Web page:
In a Snap Judgment, the Crowd Might Matter

So the Ocean State Policy Research Institute has learned that the State Labor Relations Board is a very quick-thinking group (emphasis added):

By law, such proceedings must be open unless a recorded vote is taken to close the meeting and an explicit exemption under 42-46-5(a) is cited. Any votes taken in closed session must be reported. But SLRB minutes consistently failed to report “the vote of each member on the question of holding a meeting closed to the public and the reason for holding a closed meeting” as required by 42-46-4, and conspicuously fail to report the votes of members taken in these close sessions.
The only remotely applicable exception to the Open Meeting Act that would allow a closed session is that for “any investigative proceedings regarding allegations of misconduct, either civil or criminal”. But these board “investigations” averaged a minute and a half for the 44 cases reviewed in the last year and lately are down to about 30 seconds. For instance, last year’s Nov. 18th executive session at which the East Providence School Committee’s charges against the Teachers’ Union were summarily dismissed lasted only five minutes and eight separate cases were decided, that’s an average of 37.5 seconds each.

That finding certainly has implications for a meeting today, regarding which the East Providence Taxpayers Association said the following in a press release:

Representatives from over a half-dozen Rhode Island good government groups will keep a watchful eye on the decision of the Rhode Island State Labor Relations Board in its first hearing on the controversial East Providence teachers’ union case at the Labor Board’s offices, at 1511 Pontiac Avenue, Building #73 in Cranston on Thursday morning, March 19th from 9 AM – 12 noon.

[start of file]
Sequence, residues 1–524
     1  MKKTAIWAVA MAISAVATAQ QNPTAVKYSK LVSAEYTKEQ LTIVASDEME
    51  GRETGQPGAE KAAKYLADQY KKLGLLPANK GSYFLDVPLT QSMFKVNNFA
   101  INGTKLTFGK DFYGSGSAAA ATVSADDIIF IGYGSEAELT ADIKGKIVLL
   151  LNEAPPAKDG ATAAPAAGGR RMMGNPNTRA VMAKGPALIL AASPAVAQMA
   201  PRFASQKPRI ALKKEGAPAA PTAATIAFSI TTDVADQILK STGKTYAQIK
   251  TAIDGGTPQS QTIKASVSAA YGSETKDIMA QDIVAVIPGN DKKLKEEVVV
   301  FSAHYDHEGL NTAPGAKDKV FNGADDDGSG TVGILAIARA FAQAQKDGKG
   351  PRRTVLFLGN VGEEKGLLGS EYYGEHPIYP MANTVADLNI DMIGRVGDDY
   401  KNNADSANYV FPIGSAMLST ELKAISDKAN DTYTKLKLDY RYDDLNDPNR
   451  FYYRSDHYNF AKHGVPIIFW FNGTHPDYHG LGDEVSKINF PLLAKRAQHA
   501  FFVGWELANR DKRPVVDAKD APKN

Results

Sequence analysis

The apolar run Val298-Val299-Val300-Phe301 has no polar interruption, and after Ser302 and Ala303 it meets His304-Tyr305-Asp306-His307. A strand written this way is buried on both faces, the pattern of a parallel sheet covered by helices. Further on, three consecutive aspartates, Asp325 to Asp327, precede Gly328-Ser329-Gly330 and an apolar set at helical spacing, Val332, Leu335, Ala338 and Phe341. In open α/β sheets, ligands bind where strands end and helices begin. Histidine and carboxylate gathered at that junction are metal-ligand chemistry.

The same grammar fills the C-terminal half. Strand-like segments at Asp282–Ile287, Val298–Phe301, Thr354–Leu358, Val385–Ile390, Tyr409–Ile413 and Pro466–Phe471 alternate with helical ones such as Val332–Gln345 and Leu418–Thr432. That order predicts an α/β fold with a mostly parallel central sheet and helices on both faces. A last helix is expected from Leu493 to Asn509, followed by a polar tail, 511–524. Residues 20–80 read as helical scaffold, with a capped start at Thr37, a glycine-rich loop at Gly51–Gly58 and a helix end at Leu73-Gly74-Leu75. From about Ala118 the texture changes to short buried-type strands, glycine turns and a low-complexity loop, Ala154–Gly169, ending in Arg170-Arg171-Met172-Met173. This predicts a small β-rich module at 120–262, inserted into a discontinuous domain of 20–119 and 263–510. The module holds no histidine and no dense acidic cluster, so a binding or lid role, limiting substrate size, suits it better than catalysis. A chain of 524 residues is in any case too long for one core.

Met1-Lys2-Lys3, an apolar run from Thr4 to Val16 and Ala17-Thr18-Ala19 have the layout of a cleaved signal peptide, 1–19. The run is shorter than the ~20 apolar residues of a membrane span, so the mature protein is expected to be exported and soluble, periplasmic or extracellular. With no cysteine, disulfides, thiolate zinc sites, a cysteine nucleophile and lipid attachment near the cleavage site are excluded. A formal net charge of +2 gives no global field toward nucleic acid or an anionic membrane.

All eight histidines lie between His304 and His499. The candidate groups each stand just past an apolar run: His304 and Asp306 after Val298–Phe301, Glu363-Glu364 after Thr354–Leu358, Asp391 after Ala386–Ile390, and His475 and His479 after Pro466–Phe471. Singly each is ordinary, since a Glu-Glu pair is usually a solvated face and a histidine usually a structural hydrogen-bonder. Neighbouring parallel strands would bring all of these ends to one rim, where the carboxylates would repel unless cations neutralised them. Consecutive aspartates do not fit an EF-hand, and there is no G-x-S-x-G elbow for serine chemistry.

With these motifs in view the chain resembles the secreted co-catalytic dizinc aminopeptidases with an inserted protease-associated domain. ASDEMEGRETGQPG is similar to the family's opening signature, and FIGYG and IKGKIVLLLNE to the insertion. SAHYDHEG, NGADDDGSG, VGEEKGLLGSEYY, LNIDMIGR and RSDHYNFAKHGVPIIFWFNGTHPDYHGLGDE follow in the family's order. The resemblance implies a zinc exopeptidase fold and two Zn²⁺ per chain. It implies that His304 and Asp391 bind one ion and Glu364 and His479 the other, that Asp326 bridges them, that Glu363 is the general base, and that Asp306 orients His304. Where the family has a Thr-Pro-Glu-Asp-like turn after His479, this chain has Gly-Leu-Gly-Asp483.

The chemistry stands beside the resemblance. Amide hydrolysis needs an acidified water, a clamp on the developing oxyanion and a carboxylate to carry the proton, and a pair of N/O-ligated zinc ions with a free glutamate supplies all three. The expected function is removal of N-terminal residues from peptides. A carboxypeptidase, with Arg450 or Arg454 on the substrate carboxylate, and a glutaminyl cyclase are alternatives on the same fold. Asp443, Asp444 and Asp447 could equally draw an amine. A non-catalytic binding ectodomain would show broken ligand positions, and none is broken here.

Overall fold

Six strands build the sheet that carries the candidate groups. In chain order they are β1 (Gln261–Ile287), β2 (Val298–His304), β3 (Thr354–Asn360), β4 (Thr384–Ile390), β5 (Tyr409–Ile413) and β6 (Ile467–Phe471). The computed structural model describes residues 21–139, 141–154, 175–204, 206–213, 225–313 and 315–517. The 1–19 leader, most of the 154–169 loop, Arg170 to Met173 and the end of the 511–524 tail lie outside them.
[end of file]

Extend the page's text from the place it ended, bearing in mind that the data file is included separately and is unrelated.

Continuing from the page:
EPTA spokesman Bill Murphy said, “Good government groups around the state are alarmed by the bias against taxpayers and the School Committee the State Labor Board has displayed in its handling of this case. Representatives from these organizations will be on hand to keep a watchful eye on the Board’s behavior in this important matter. It is obvious to all of us that the Labor Board should never have filed this complaint and should not be hearing this case. The Labor Board does not have the authority to order school committees how to spend their money. It certainly doesn’t have the power to order them to break the laws against deficit spending. The Board simply does not have jurisdiction in this case. At a minimum, the SLRB should wait until the Superior Court issues a decision about whether the case even belongs before the Labor Board.”

Anybody who’s planning to attend should be sure to be on time. Given the board’s habitual pace, the hearing could be over faster than a taxpayer can say “point of order.”

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